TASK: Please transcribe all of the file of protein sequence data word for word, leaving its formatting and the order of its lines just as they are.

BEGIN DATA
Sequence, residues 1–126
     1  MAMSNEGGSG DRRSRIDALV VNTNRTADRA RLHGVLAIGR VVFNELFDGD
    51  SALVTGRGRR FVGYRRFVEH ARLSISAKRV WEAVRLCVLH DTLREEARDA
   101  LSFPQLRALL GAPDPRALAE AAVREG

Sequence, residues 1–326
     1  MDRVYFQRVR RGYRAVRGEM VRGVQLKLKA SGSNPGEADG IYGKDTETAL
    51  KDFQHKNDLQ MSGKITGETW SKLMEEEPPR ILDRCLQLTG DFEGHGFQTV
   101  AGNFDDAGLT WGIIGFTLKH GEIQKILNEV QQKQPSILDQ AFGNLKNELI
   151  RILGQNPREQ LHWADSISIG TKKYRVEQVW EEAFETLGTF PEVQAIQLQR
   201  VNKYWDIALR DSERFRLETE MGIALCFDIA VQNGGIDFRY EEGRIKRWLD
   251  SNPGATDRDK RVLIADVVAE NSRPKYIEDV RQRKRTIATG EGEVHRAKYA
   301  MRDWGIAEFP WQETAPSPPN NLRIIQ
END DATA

Sequence, residues 1–126
     1  MAMSNEGGSG DRRSRIDALV VNTNRTADRA RLHGVLAIGR VVFNELFDGD
    51  SALVTGRGRR FVGYRRFVEH ARLSISAKRV WEAVRLCVLH DTLREEARDA
   101  LSFPQLRALL GAPDPRALAE AAVREG

Sequence, residues 1–326
     1  MDRVYFQRVR RGYRAVRGEM VRGVQLKLKA SGSNPGEADG IYGKDTETAL
    51  KDFQHKNDLQ MSGKITGETW SKLMEEEPPR ILDRCLQLTG DFEGHGFQTV
   101  AGNFDDAGLT WGIIGFTLKH GEIQKILNEV QQKQPSILDQ AFGNLKNELI
   151  RILGQNPREQ LHWADSISIG TKKYRVEQVW EEAFETLGTF PEVQAIQLQR
   201  VNKYWDIALR DSERFRLETE MGIALCFDIA VQNGGIDFRY EEGRIKRWLD
   251  SNPGATDRDK RVLIADVVAE NSRPKYIEDV RQRKRTIATG EGEVHRAKYA
   301  MRDWGIAEFP WQETAPSPPN NLRIIQ